Category Archives: Christmas
By the Rev. Darren Miner
Merry Christmas! Today is a special day for all Christians, but it is an especially special day for the Church of the Incarnation. Since this parish isn’t named after a saint, we don’t have an annual patronal feast. Instead, we have a feast of title, and today is it—the feast of the Incarnation!
If you attend Midnight Mass or a sunrise service in an Episcopal church on Christmas, you get the story of baby Jesus from Luke’s Gospel. But if you attend the main Christmas Day service, you get something very different. Despite the fact that you see a papier-mâché stable in front of the altar, you didn’t, in fact, hear the story of Jesus’ birth in a stable. No shepherds in the field. No angelic host singing, “Gloria in excelsis Deo.” Instead, you got an excerpt from a mystical poem about the doctrine of the Incarnation. To be honest, I miss the charming stories of St. Luke, but this profound poem of St. John is, in fact, the very foundation of the Christian understanding of Jesus Christ. So take a deep breath, and let us plunge into its mystical depths!
As does any good storyteller, St. John begins at the beginning—in this case, the very beginning! While St. Luke starts his Gospel with the birth of a baby prophet, St. John begins with the birth of the Cosmos, and he tells us about the relationship between God and a divine being called “the Word.” This Word existed with God before time itself was created, and all Creation was mediated through him. In the original Greek, the name of this being is Logos. Yes, it can be translated as Word. But it has other translations that are just as pertinent here, such as Reason or Order.
The existence of such a divine Logos was the subject of both Greek and Jewish speculation well before the time of St. John. This pre-existent divine person was understood to be the giver of reason and order to the Universe. He is the one who maintains structure in the face of chaos. He is the one who maintains the possibility of life in the midst of deadly disorder. He is the one who allows for the existence of light in the midst of darkness.
For John, the Logos is also God’s Word spoken to the Cosmos and to us. He is the divine self-expression of God’s love for the whole world. This divine self-expression of God’s love was “spoken” by God at Creation; was proclaimed to Israel by their prophets; walked among us as a preacher of peace; and continues to speak to us in Nature and in Church, in starry sky and in Holy Scripture, in the companionship of a pet and in the Blessed Sacrament. According to John, the unity between God and the Logos is such that one can even say that the Logos is God.
Join the younger boys and girls of the San Francisco Boys Chorus and the San Francisco Girls Chorus in songs for the holidays to lift your spirits and warm your hearts for the winter. Taking part will be the intermediate chorus of the San Francisco Boys Chorus under their Director, Ildikó Thész Salgado, and Level III of the San Francisco Girls Chorus under their Director Luçik Aprahämian. For more information click here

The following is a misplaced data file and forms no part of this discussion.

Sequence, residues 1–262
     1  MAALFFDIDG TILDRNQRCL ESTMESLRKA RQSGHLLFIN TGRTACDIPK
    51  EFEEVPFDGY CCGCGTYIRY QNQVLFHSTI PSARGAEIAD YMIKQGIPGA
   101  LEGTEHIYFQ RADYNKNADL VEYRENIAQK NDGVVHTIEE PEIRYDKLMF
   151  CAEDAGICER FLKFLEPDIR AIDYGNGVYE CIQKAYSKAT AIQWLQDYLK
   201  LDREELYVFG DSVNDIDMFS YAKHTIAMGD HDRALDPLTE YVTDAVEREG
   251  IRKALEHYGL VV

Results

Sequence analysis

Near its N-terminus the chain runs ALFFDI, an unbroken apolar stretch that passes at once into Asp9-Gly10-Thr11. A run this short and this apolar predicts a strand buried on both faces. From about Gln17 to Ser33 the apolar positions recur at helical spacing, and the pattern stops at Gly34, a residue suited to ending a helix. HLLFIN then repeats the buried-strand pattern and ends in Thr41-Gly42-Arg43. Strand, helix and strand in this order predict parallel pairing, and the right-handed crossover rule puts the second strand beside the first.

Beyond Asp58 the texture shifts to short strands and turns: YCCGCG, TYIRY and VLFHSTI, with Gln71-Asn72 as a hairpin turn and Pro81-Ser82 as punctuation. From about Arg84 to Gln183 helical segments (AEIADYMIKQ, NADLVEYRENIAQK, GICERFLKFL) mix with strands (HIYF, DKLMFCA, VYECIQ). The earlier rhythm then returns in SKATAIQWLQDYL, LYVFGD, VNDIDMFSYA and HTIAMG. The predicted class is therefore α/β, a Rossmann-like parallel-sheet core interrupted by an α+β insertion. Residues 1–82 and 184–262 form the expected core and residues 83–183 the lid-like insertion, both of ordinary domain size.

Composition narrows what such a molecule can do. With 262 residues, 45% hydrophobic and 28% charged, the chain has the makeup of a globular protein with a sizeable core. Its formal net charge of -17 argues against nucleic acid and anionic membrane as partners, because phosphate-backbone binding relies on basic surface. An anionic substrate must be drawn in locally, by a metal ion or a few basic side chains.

Date & Time: Sunday December 11, 7 pm
Venue: Incarnation Episcopal Church, 1750 29th Avenue, San Francisco
Donations: $20 General, $15 Seniors/Students
Buy tickets online
2015 Christmas message from the Presiding Bishop of the Episcopal Church, USA
“As the words were spoken on that night when Jesus was born, peace, good will to all people, God bless you, God keep you,” Episcopal Church Presiding Bishop and Primate Michael Curry says in his Christmas 2015 message.
2015 Christmas message from the General Secretary of the World council of Churches.
“As Christians we share the belief that we see in the other the image of Christ himself (Matthew 25:31-46) … The experience of migration and crossing of borders is known to the Church of Christ. The Holy Family were refugees; the very Incarnation of Our Lord is a crossing of the border between the Human and the Divine.”
“As churches this is an opportunity to share more widely experience and expertise in offering spiritual and pastoral support, ecumenical and interfaith cooperation and building bridges between diverse communities.”
At this time of the Christian year, we remember God’s great love for the world in the gift of Jesus Christ. And we read once again of the flight of his family in search of a safer place than home. We also remember the Master’s later teaching, as recorded in Matthew 25:40,
“Truly I tell you, just as you did it to one of the least of these who are members of my family, you did it to me.”
In this festival season celebrating the Incarnation in Jesus Christ our Lord and Saviour, let us honour every gift we receive from God in Creation, and let us respect every member of the human family!
Read the full text here http://www.oikoumene.org/…/messages-…/christmas-message-2015